To my eye the hit of the show was Manet’s Lady with Fans, his portrait of Nina de Callias from 1873. Her face is constructed from a few authoritative shorthand marks. The arm and hand that her head is resting against are so full of light they have the impact of a ringing bell. The sitter’s figure emerges from a series of blacks that economically telegraph her clothing and hair. It is difficult to discern in reproductions of the painting, but her dress is constructed from steeply crosshatched marks made by a flat brush that hardly follow the form, but from the distance of three or four feet congeal magically into her dress. Her reclining figure stands out brilliantly against a series of ochres and siennas representing the gold leaf surface of a Japanese screen.

One of the surprises of the show was how good Berthe Morisot looked. She is a truly underrated painter. In their simplicity and directness her paintings seem to communicate the spirit of her sitters. In their direct naturalness they look like paintings far ahead of their time – for me they have a kinship with the paintings of Fairfield Porter. For their sheer weirdness, as well their use of fashion, the inclusion of paintings by James Tissot made sense in the context of this exhibition. Tissot is an artist with whom I have had a long love/hate relationship. A surprise for me was Albert Bartholomé’s In the Conservatory. It is a strong painting by an artist that I was unfamiliar with. Surprisingly the curators were able to include the actual dress that Bartholomé’s wife wore as she modeled for him. She died shortly after the painting was completed, which compelled Bartholomé to abandon painting in favor of sculpture.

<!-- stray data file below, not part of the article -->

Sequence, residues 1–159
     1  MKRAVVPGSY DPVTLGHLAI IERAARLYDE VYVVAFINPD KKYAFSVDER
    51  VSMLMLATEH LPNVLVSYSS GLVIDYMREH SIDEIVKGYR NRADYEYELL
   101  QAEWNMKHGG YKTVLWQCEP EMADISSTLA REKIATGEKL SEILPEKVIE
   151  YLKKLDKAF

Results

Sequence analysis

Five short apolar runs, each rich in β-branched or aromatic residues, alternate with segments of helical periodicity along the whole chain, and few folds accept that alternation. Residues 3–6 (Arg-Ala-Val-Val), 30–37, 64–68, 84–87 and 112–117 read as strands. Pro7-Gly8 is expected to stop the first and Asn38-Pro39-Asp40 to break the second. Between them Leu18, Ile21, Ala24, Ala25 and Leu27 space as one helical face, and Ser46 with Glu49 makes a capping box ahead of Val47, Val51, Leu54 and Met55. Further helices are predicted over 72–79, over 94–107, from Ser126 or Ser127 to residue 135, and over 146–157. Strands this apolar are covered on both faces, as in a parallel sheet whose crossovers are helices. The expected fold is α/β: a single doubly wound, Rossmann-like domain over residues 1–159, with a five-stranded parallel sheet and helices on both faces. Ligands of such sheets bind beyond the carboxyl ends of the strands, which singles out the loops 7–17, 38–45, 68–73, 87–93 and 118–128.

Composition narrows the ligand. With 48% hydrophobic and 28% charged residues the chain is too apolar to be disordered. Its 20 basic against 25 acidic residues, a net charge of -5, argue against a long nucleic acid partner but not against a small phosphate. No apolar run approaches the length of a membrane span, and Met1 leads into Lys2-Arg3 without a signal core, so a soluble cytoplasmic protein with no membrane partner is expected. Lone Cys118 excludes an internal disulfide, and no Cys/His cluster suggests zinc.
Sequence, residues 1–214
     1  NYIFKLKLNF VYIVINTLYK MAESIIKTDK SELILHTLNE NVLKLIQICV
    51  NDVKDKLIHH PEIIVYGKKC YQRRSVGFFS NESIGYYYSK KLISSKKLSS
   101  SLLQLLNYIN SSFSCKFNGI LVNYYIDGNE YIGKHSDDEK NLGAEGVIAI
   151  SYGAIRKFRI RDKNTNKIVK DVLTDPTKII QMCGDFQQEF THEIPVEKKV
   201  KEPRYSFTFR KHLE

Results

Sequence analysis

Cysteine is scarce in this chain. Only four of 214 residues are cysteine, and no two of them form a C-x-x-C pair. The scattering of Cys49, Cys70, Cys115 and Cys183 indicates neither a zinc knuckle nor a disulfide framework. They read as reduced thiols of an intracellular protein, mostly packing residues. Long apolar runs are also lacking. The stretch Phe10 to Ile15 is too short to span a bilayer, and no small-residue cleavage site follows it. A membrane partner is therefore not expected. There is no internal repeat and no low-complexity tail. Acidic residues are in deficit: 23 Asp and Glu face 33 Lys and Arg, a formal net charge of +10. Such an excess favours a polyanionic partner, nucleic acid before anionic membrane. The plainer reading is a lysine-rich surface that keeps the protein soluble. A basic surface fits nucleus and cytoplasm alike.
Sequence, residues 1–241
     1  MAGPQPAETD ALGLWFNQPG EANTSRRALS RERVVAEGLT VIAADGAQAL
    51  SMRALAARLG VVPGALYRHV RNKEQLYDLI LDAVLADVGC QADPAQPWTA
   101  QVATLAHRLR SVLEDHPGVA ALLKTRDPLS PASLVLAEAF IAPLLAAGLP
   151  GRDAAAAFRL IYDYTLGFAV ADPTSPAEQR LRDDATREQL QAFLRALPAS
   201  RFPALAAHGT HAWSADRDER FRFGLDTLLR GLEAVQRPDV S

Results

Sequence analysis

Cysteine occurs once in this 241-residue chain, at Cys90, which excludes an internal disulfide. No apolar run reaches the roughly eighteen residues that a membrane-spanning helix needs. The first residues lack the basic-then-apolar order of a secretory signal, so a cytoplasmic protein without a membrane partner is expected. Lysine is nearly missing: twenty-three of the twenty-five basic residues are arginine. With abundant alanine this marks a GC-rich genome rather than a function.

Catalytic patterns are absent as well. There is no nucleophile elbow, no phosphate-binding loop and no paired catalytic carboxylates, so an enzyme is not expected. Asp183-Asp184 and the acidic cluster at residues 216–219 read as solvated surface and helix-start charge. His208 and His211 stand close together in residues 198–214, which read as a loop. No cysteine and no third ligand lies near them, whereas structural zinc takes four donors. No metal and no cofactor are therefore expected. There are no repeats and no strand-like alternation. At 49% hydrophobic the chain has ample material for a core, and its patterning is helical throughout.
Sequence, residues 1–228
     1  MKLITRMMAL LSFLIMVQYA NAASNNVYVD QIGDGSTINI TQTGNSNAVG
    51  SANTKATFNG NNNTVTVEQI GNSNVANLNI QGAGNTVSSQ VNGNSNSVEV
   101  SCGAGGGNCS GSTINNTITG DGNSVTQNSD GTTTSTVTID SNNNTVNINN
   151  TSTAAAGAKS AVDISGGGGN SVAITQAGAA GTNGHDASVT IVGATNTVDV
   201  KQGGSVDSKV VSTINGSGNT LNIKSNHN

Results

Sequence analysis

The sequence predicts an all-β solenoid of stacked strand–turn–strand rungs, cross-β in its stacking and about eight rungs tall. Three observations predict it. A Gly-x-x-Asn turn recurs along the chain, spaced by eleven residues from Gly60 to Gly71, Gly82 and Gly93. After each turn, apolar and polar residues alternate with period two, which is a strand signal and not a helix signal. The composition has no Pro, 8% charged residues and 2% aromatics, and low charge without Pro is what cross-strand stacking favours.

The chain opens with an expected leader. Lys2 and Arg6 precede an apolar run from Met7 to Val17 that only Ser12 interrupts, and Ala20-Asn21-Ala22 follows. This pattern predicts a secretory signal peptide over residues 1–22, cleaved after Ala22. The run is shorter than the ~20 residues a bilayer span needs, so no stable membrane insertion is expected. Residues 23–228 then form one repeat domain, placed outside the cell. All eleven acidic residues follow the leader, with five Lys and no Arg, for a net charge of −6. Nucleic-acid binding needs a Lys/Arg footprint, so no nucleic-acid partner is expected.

Although I have sympathy with efforts on the part of museums to broaden the appeal of painting by tying it to some other discipline or element, I have mixed feelings about these strategies as well. It is as if viewers and museum professionals alike would be confounded at the prospect of dealing with a painting on its own terms. Last year I saw the wonderful exhibition Lucian Freud Portraits at the Modern Art Museum of Fort Worth in Texas. If any painter has ever presented painting for its own sake and on its own terms in an uncompromising fashion, it is Freud. Many collections in the United States boast a painting by Freud. They are paintings of great strength and intensity and I am always happy to encounter them in the flesh. Seeing this show was a particular pleasure. The airiness and abundant natural light provided by the Tadao Ando building in Fort Worth provided the perfect circumstance to see the paintings. The exhibition was beautifully arranged with a comfortable amount of space between the paintings and presented a nice balance between the almost naïve, detail oriented early paintings and the caked on, painterly work which followed. I was also happy that the curators included a wall of etchings. The only mystery surrounding the show was why it was so under publicized and that the only two venues for the show were London’s National Portrait Gallery and the Modern Art Museum of Fort Worth.